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Book treasure hunting

By Dan Pool
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    One of my favorite events of the year is coming up Thursday, Friday and Saturday.
    It’s not as exciting as JeepFest and not as lively as a big DAWGS game, but all year long I look forward to the Friends of the Library used book sale – nobody laugh. I really get into used books.
    And with more than 10,000 tomes laid out for the public, this is the Holy Grail of old books, unusual reading selections and plenty of page turners.
    After going several years, I have a system of sorts to prevent me from coming home with too many books that I will never get around to, like that really old hardback whaling history that I bought about five years ago. [Though in my defense, last year on vacation I read a paperback of In the Heart of the Sea, a perfect beach book/adventure story about a whaling expedition – also a Friends purchase.]
    My system is to have one bookcase where I put all the Friends book fair purchases and I can’t buy more until I clean some off. It’s a pretty simple system but I always cheat as I never get around to reading all the ones I bought and can’t resist wedging in extra books to the point that the wooden sides may shatter some day.
    Using this system, in theory, I should only buy seven books this year and, in reality, if I stayed home this year, I have enough books in the bookcase to last several years. In theory that works, but in reality I am compulsive.
    Looking over the titles that I still intend to read, there is no pattern to my selections. There is a phone-book sized biography of Alexander Hamilton right alongside Christopher Moore’s Secondhand Souls, a funny and irreverent novel.
    There is a book called Dam Break in Georgia that deals with the disaster in Toccoa Falls, something I know nothing about, but it was only 50 cents so why not find out?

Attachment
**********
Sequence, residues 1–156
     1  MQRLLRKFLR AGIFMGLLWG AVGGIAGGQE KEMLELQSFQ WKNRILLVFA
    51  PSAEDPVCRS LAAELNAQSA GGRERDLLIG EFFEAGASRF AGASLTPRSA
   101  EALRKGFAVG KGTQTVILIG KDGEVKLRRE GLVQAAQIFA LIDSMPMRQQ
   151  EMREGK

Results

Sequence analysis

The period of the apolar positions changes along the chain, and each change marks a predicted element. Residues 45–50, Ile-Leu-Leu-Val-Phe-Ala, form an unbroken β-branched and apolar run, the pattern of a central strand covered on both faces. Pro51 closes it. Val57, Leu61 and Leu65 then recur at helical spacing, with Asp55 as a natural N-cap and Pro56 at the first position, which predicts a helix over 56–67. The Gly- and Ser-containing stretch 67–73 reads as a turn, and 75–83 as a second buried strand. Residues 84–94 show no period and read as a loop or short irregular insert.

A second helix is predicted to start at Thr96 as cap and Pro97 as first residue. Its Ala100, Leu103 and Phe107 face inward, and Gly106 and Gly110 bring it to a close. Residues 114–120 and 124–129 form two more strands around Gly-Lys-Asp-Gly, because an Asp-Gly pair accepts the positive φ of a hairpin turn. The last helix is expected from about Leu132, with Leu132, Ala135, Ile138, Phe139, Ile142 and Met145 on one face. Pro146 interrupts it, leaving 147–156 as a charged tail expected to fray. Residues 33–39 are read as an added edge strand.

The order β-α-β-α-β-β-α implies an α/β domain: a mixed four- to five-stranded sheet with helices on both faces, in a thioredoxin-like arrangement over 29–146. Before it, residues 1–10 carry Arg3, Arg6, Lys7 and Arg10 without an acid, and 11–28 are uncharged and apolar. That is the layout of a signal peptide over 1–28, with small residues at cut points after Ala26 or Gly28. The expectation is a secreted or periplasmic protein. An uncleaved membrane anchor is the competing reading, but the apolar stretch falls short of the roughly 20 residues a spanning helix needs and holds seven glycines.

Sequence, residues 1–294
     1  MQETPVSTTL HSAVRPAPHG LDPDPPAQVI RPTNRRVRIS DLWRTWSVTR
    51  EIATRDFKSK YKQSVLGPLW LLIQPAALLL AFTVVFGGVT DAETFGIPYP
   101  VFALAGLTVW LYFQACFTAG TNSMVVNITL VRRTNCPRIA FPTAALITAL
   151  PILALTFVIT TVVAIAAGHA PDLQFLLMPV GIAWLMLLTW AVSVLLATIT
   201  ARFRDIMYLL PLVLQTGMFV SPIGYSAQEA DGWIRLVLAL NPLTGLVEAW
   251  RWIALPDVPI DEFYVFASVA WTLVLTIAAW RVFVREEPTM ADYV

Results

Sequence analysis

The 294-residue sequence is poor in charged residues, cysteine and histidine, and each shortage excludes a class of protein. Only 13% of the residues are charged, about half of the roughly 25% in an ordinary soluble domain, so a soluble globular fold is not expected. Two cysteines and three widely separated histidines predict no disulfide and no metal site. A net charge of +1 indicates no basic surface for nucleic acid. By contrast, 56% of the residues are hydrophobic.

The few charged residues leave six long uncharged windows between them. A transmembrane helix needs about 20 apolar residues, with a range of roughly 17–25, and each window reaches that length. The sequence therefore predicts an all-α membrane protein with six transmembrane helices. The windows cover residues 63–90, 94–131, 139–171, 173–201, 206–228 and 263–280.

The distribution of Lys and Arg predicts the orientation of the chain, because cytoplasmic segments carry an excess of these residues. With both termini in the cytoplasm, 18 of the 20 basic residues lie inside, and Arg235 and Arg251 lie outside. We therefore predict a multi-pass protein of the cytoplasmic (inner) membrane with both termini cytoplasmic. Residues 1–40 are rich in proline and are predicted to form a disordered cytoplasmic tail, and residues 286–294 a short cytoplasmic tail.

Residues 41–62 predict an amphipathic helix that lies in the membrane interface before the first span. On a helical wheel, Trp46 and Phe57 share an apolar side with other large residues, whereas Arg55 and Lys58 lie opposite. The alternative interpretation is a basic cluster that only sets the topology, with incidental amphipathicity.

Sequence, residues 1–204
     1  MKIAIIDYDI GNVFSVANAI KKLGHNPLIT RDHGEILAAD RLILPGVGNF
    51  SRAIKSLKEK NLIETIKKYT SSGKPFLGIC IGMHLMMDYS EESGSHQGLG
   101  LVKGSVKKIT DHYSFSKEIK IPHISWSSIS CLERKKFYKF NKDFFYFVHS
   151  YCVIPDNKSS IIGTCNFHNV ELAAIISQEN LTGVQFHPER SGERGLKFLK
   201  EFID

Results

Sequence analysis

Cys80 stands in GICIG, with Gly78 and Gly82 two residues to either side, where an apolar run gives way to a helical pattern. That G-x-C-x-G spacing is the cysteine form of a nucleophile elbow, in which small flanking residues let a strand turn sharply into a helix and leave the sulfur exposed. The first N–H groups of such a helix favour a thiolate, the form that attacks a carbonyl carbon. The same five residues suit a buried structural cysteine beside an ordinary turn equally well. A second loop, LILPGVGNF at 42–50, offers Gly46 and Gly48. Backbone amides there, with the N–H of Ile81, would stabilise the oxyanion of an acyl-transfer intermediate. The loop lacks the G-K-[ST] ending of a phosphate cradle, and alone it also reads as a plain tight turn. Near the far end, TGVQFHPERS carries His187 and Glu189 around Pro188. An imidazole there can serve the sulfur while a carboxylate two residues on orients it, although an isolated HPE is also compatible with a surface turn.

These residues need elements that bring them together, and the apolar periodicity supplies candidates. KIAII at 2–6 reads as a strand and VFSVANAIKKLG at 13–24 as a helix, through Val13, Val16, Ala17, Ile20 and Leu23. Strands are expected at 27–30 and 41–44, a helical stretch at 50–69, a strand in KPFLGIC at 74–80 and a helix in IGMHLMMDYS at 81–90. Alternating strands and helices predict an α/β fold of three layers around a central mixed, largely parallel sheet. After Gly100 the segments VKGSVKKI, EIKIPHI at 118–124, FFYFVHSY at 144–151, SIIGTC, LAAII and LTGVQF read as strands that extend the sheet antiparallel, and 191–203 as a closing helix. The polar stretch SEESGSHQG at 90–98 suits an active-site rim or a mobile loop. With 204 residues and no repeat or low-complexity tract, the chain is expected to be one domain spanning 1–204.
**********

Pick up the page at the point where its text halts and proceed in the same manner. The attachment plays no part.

On my book fair shelves is a novel by John Irving and Thirteen Moons by Charles Frazier, about the period of the Cherokees in the Appalachians. I liked his Civil War book Cold Mountain and will probably really like this one – if I ever get around to it.
    There is a collection of essays Consider the Lobster by David Foster Wallace and a Wallander mystery by Henning Mankell still awaiting reading.
    Part of the excitement of going to the Friends sale is seeing what else you can find. Books at bookstores are expensive and you don’t want to waste money getting something like the dam break book that may turn out to be bad. But at the Friends event, price is no object. The challenge, and it’s fun one, is figuring out which books are worth carrying out of Chattahoochee Tech. I pick some can’t-miss-ones, like the Frazier and Irving, but also take chances like the whaling book.
    I am always inspired and worried about the people who bring carts to load up or leave with so many selections that volunteers help them out in several trips. If those are one-year supplies, then someone really burns the midnight oil with their reading.
    Me, if I find a couple of books I have been meaning to read plus a few unknowns that catch my eye, I consider it a good day.
    Do yourself a favor and go check out the sale and, follow my lead, buy at least one book on something you know nothing about or by an author you have never read before.